On Wed, Oct 01, 2003 at 02:24:00PM -0400, Ian Grigg wrote:
> Matt Blaze wrote:
> >
> > > I imagine the Plumbers & Electricians Union must have used similar
> > > arguments to enclose the business to themselves, and keep out unlicensed
> > > newcomers.  "No longer acceptable" indeed.  Too much competition boys?
> > >
> >
> > Rich,
> >
> > Oh come on.  Are you willfully misinterpreting what I wrote, or
> > did you honestly believe that that was my intent?
> 
> 
> Sadly, there is a shared culture amongst cryptography   
> professionals that presses a certain logical, scientific 
> viewpoint.

So is being logically and scientific is a bad way to do cryptography?
Maybe you would rather some sort of more 'post-modern', 'liberal'
or 'free market' cryptography?
 
> What is written in these posts (not just the present one)
> does derive from that viewpoint and although one can   
> quibble about the details, it does look very much from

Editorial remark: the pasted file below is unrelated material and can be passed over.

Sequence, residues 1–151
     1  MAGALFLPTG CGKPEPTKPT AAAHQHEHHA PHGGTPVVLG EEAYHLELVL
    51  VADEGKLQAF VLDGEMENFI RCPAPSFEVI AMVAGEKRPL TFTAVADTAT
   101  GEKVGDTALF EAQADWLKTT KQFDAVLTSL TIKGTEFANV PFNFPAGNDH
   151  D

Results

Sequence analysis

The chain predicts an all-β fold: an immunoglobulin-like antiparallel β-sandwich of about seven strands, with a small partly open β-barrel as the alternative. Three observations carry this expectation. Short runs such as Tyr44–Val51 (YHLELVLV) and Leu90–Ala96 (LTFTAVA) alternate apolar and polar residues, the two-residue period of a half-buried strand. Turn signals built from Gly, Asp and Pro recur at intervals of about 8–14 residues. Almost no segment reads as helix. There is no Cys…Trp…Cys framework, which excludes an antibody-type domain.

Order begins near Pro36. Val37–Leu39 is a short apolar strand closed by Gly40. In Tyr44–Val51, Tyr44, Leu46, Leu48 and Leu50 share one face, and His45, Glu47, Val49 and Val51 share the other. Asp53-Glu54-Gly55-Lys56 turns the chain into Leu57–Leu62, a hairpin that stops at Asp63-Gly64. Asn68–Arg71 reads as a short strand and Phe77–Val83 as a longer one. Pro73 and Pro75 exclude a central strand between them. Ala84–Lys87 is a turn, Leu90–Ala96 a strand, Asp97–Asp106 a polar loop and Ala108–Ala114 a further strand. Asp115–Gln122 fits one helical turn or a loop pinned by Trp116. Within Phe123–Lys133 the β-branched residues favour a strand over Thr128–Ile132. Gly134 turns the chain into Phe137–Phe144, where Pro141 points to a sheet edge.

> the outside that there is an informal "Cryptographers  
> Guild" in place [1].

Bollocks. Anyone is free to learn and practice (in the 'western' world,
and many other countries) cryptography. Some people are just better
at it, and many of those people are recognized for being better or
more experienced. 

By your argument any group that has education and/or training is
a guild. Heaven forbid CS and IT types look at the history of their
own field.

> The guild would like the application builder to learn the
> field.  They would like him to read up on all the literature,
> the analysies.  To emulate the successes and avoid the
> pitfalls of those protocols that went before them.  The  

That sounds like a progressive, enlightened way of doing business,
at least trying to avoid known mistakes, and trying to discover
new ones. 

> None of that is likely to happen.  The barrier to entry
> into serious cryptographic protocol design is too high
> for the average builder of new applications [2].  He has,
> after all, an application to build.

Which is why the implmentation is different from protocol design,
except for the insecure application developer. 
 
> to boot.  What is not nice is that there is no easy way
> to work out which code to use, and the protocols are not
> so easy to understand.  It's nice that we have an open

Cryptography is hard; suck it up. That is not a reason to act 
irrational and encourage using known weak or flawed methods, when 
we do have better known methods.


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